How Did It Get That Way?
History: The violence in Somalia stems from a history of upheaval and changes in Government. After gaining independence from colonial rule in 1960 they only lasted until 1969 when a military coup overthrew the government. Since then a war with Ethiopia in the 1970’s and a civil war beginning in 1980 caused the collapse of the Government in 1991. This has made the country extremely unstable and since then Somalia has been in the throes of violence for almost two decades (Pike, 2017). After the collapse of the regime, there has been “turmoil, factional fighting, and anarchy” (“Country Reports on Human Rights Practices for 2016”, 2017). The country has been divided for many years since the Northern territories split off to create Somaliland, which although stable is not recognized by the World Government. Additionally, another region created its own semi-state Puntland which also governs itself (“The World Factbook”, 2017). This divide and instability have created massive problems for the region. Now Somalia is also combating Al-Shabaah, a terrorist group who are allied with Al-Qaeda who has taken control of territories within the country.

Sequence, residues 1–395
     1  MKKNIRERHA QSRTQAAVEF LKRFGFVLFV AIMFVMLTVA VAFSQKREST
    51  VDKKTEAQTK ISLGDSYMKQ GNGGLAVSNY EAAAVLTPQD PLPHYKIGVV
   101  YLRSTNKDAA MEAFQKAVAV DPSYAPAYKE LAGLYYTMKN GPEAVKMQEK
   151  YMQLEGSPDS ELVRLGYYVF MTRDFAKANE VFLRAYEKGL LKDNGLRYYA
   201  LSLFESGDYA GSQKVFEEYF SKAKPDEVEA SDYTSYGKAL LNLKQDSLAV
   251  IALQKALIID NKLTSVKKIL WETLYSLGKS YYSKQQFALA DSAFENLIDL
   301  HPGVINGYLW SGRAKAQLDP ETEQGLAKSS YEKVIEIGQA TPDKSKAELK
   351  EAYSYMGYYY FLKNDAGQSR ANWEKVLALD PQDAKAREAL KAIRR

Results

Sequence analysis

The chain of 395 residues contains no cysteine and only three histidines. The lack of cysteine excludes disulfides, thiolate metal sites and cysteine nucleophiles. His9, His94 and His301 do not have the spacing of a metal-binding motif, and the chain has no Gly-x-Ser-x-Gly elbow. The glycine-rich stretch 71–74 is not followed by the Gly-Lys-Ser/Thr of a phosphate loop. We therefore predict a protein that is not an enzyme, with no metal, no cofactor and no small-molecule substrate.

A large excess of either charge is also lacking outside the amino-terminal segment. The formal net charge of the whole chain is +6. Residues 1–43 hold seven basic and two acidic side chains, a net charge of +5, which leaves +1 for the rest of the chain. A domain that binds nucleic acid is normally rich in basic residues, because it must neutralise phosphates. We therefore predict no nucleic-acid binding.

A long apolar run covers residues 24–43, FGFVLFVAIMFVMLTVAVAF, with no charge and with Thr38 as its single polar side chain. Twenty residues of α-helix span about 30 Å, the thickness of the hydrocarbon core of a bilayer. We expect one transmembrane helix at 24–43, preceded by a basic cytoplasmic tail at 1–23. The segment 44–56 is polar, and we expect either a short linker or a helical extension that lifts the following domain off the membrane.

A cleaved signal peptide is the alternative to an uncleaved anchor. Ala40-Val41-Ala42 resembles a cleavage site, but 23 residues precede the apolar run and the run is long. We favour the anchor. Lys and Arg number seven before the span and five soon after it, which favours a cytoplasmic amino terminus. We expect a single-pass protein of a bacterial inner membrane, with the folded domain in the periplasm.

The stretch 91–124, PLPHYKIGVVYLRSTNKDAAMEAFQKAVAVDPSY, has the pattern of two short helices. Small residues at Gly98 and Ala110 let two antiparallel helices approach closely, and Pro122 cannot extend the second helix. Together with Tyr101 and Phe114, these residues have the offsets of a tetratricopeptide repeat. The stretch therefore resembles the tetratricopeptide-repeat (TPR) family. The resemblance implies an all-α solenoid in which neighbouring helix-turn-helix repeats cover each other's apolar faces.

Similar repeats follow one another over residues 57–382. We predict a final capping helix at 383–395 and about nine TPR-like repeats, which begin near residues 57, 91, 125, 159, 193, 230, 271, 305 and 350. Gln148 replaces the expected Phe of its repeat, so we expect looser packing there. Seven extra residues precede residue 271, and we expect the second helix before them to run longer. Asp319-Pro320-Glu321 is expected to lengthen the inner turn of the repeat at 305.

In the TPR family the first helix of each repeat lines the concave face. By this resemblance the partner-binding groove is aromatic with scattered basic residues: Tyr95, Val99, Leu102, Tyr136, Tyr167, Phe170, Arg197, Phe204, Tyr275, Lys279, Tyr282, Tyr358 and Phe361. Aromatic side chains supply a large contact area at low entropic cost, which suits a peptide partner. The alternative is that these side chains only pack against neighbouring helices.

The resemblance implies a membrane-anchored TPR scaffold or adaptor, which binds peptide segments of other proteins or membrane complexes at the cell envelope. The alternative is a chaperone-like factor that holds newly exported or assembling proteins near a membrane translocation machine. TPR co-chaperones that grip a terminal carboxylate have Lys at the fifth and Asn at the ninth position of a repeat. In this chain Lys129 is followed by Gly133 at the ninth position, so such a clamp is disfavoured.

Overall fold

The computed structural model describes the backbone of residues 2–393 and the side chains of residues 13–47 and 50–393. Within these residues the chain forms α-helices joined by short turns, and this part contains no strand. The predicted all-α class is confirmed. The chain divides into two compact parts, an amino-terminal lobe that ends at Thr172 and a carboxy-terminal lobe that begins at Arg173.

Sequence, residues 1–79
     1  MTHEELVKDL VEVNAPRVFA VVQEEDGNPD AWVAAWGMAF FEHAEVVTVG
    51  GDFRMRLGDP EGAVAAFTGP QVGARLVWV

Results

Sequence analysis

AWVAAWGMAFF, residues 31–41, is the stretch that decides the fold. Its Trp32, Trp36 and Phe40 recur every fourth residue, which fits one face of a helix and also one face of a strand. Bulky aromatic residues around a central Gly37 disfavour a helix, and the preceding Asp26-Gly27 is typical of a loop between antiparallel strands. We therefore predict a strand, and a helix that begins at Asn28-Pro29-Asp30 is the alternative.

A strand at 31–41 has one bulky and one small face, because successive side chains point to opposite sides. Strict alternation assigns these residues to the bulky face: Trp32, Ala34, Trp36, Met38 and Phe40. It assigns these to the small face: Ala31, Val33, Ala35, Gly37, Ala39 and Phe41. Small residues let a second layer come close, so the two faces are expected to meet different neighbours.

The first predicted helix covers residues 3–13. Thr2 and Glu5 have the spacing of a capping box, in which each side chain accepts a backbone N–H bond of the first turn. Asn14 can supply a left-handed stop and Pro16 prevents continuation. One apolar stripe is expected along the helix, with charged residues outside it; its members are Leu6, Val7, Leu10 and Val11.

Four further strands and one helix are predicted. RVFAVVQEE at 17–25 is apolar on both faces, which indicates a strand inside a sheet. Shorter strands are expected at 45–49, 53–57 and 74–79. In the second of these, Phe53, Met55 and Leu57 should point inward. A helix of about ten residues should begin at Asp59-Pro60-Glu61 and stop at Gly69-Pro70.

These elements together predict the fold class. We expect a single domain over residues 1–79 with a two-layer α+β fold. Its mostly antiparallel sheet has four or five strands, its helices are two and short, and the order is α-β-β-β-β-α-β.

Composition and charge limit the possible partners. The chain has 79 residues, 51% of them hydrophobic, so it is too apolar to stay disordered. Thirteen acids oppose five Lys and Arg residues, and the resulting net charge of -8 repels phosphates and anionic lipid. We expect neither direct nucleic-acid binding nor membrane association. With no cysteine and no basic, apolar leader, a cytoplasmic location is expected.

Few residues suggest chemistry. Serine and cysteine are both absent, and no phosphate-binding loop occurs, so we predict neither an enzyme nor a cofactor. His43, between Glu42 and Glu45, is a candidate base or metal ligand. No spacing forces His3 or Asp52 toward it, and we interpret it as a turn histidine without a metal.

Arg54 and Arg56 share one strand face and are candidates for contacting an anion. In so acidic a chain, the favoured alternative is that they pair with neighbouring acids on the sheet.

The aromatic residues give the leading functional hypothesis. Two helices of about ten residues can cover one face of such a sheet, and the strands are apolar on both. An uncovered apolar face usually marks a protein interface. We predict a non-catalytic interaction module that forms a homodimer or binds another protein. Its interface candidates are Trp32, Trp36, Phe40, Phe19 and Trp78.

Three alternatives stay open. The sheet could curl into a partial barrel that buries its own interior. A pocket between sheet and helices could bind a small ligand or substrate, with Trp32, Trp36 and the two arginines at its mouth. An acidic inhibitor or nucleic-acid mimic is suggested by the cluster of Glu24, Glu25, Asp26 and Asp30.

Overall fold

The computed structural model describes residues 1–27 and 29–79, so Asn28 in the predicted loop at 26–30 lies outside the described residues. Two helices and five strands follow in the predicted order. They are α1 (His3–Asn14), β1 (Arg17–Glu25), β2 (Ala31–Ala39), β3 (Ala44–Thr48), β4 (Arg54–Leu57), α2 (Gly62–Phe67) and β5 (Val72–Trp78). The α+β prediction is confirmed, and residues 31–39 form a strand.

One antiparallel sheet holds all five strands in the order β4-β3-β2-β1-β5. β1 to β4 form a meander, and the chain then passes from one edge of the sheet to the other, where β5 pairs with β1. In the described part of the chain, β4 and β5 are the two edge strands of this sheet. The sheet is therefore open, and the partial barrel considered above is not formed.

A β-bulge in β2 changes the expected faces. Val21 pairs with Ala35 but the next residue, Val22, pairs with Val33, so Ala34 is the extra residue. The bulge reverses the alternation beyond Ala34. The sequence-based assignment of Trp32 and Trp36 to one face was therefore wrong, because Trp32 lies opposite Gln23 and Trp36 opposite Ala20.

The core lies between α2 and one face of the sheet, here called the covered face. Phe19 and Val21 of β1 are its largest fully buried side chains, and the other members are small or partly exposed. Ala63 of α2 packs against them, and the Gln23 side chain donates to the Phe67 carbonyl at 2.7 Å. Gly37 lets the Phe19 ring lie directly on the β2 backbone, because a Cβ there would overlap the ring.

Effects: The almost constant state of violence in the country has led to large scale problems in regards to the economy, human rights abuses, and the quality of life of citizens. People are taken advantage of and killed by both terrorists and the Somalia Government. There is a staggering amount of sexual violence and inequality against women. Many people live in abject poverty, especially in the rural areas. Furthermore, necessities, like clean food and water are often unavailable. These factors lead to low life expectancy for the fast-growing and young population. Additionally, as there are little options for young people to attend school or get a job, many end up taking part in the violence. Political infighting and clashes between the Government, Militias, and terrorists have led to abuses against citizens, particularly affecting women and children. Because of this situation, Human Rights Watch says that “Children continued to be killed, arbitrary detained and recruited into the armed forces” (“Somalia”, 2017).